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West Point Approves Redistricting Proposal

This map shows the proposed changes to wards 2, 3 and 4. Existing district lines are shown in white; Ward 2 is green, Ward 3 is red and Ward 4 is blue. Ward 5, at the bottom of the map in yellow, is unchanged, as is Ward 1 (not shown).

Millage Decreases Slightly

The West Point Board of Selectmen approved a redistricting plan and the FY13 millage levy at a September 25 public hearing. Turnout for the hearings was very low, with fewer than five members of the public present. [I am not counting members of the news media or city employees. There were three members of the news media present – the Daily Times Leader, WCBI and myself – and several city employees. That big ol’ room was awfully empty. – Brian Jones]

Redistricting plan approved

Golden Triangle Planning and Development District GIS Director Toby Sanford began by explaining why the redistricting process was necessary.

“The 2010 census data gives us a snapshot of who lives in each of the five wards in West Point,” Sanford said. “In Ward 1 there’s 2,305; in Ward 2 there’s 2,300; in Ward 3 there’s 1,984; in Ward 4 there’s 2,500; and in Ward 5 there’s 2,218. That gives a total of 11,307 people in the city of West Point. In an ideal world, there would be 2,261 people living in each ward. We get that number by dividing the number of people by the number of wards you have. Then we take that number and compare it to how many people are actually living there.”

The Department of Justice requires redistricting if a city’s total statistical variance is greater than 10 percent. While there was little variance in wards 1, 2 and 5, Ward 3 had 277 too few people and Ward 4 had 239 too many. With the current district lines, West Point has a total variance of 22.82 percent.

“As you can see from those numbers, wards 3 and 4 are going to be doing most of the redistricting,” Sanford said.
Sanford presented three plans. Under the first plan, the city would end up with a total variance of 7.92 percent. Under the second plan, the variance would be 8.67 percent; under the third, the final variance would be 5.93 percent.
“Plan 3 has the least amount of change,” Sanford said. “There is only change between wards 2, 3 and 4. Ward 5 and Ward 1 do not change at all. [Ward 1 was unchanged in all three of the proposals. – Brian Jones] The Department of Justice likes to see this job done with the least amount of change possible because you are changing people’s voting habits. The less amount of change there is, the better off you are.”

“Was this plan tested to make sure it met the federal requirements of one man one vote,” asked John Bennett.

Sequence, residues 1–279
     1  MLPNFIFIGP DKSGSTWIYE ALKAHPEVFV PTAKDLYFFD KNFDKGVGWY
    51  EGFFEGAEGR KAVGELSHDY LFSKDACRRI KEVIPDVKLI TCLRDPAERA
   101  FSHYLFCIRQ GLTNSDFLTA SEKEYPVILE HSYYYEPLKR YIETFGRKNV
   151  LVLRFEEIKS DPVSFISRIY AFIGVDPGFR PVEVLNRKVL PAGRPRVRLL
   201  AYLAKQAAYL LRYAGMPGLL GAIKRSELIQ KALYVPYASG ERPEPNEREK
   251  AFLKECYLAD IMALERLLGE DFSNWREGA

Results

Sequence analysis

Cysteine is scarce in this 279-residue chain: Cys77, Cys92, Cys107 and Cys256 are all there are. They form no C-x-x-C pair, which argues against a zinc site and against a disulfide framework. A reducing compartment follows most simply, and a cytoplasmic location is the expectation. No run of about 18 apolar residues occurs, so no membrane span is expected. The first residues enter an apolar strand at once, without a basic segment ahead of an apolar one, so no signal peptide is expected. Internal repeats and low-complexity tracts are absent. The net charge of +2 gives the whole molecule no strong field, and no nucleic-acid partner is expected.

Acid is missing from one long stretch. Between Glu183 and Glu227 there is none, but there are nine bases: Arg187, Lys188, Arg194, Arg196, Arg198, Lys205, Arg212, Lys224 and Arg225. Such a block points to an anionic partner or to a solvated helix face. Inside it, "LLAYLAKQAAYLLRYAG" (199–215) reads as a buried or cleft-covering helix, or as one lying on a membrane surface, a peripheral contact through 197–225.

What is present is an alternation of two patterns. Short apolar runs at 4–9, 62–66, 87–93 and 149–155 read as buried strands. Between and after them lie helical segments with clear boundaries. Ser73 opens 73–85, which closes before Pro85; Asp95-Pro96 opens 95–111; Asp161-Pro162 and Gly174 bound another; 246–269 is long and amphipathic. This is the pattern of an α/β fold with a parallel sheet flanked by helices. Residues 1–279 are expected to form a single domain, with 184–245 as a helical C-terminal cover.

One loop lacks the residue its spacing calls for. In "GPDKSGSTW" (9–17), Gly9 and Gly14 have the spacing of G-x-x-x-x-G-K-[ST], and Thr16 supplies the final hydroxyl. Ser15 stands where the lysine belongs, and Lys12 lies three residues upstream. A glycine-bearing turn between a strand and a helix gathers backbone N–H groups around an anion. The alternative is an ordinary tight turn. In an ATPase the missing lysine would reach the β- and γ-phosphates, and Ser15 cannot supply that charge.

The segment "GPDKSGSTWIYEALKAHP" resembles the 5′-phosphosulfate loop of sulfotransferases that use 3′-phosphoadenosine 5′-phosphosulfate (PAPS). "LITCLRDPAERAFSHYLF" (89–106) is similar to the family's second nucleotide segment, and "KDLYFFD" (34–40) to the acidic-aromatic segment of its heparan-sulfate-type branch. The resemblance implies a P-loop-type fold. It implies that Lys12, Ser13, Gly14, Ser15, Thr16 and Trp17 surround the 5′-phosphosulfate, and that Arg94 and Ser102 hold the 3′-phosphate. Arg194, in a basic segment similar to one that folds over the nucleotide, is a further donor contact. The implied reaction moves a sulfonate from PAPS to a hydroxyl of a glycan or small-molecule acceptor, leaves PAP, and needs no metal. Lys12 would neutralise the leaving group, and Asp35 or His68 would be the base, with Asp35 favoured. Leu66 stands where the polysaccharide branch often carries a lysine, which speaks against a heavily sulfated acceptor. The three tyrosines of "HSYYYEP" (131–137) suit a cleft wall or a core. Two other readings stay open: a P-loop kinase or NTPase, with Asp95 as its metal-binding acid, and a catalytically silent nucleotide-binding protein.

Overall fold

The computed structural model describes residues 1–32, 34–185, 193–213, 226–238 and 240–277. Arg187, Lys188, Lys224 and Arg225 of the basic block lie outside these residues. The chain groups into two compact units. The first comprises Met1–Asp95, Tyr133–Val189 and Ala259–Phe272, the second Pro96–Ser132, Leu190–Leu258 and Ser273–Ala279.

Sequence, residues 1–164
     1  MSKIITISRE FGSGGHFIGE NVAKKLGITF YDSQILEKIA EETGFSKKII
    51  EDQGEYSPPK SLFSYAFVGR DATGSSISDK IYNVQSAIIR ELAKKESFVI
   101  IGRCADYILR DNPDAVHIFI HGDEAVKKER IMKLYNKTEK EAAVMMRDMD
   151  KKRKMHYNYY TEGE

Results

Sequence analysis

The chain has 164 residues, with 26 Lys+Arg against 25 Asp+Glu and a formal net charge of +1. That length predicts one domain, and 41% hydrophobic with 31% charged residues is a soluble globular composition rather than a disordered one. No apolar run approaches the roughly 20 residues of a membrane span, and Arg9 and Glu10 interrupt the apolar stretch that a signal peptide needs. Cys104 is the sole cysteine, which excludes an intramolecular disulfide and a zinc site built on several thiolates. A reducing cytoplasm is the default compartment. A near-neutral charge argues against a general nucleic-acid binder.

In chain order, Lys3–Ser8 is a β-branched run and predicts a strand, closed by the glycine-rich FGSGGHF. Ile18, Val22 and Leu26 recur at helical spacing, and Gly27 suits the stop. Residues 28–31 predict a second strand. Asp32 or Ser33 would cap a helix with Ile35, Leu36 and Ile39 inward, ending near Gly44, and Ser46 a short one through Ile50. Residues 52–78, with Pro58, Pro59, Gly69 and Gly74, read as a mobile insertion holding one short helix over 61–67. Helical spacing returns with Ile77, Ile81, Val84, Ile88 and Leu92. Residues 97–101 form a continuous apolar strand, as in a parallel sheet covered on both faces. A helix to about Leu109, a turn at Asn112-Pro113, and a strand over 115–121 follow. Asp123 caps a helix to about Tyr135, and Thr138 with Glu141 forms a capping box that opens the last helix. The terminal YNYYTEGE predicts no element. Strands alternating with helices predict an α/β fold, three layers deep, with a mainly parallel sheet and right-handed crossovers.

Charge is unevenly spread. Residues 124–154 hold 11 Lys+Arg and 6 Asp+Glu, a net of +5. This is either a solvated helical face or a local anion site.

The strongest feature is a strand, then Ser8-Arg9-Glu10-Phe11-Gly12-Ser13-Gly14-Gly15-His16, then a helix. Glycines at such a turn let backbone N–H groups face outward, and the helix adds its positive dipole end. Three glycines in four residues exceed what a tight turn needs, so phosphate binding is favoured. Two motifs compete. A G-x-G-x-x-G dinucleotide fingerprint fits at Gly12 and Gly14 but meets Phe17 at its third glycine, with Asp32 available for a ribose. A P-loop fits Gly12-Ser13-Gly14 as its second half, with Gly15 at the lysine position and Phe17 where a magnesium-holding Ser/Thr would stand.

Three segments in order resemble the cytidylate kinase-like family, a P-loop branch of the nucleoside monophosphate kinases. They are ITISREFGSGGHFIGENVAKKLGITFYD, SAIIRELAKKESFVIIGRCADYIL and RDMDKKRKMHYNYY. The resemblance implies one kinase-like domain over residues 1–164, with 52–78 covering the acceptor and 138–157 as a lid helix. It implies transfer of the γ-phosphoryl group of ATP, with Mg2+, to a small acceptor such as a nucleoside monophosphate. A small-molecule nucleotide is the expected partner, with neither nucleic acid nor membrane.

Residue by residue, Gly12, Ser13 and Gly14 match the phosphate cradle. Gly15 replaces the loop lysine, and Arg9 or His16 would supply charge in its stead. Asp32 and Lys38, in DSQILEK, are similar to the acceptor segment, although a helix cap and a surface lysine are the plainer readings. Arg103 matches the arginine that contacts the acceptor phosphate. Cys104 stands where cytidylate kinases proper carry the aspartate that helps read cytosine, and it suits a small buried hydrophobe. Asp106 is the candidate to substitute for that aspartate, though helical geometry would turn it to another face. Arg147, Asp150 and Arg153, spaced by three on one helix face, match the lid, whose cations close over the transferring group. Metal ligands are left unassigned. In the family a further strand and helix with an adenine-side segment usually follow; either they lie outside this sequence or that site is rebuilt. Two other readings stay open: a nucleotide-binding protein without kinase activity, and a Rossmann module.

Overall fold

“Yes, all three plans meet that requirement,” Sanford said. “As long as we’re under 10 percent deviation we meet one man one vote.”

“That’s 10 percent of total population or voting age population?” Bennett asked.

“Total population,” Sanford said. “The census data counts everybody within each block. If people didn’t fill out their card, the census people sent someone to their door.”

“Is it counted as households or by the number of people?” Bennett asked.

“The number of people,” Sanford said. “If 25 people live in one household, they are counted as 25 people.”
Once the public comment period was over, Ward 4 Selectman Keith McBrayer made a motion to approve Plan 3 and was seconded by Ward 3 Charles Collins.

“The lower you can get that percentage, the less likely that you will have to redistrict again in 10 years,” Sanford stated. “The low number here gives you some wiggle room.”
Plan 3 was approved 4-0. Ward 2 Selectman Homer Cannon was not present.
Under Plan 3, the following changes will take effect:
In Ward 2: parts of Mayhew Street, West Jones Street, Illinois Street, Nobles Alley, and Washington Street, as well as Hawkins Trail, will move into Ward 3.

In Ward 4: parts of West Jordan Avenue, East Jordan Avenue, East Broad Street, East Westbrook Street, Robinson Street, Commerce Street and Kitty Dill Memorial Parkway will move into Ward 3.

[See the attached map for more detail. – Brian Jones]

The proposed plan will now be submitted to the Department of Justice for approval.

Millage levy approved

The tax levy for FY13 declined by about a quarter of a mill from last year.

The city mills were unchanged at 36.81. The West Point School District levy was down about a quarter mill to 54.74.
“This is assuming a collection rate of 98 percent of the possible levy,” said Mayor Scott Ross. “Last year we collected 99 percent.”

The city left the millage rate unchanged in spite of the recent fall in assessed valuation.

“Most property went down between 1 and 2 percent,” Ross said. “We feel like we can still easily meet our budget.”
The levy includes a slight increase in the library levy, which was increased from 1 mill to 1.25.

Ward 5 Selectman Jasper Pittman made a motion to approve the levy, and was seconded by McBrayer. The levy was approved unanimously.

“We did a real good job balancing the budget,” Pittman said. “I don’t think we get enough credit for that.”


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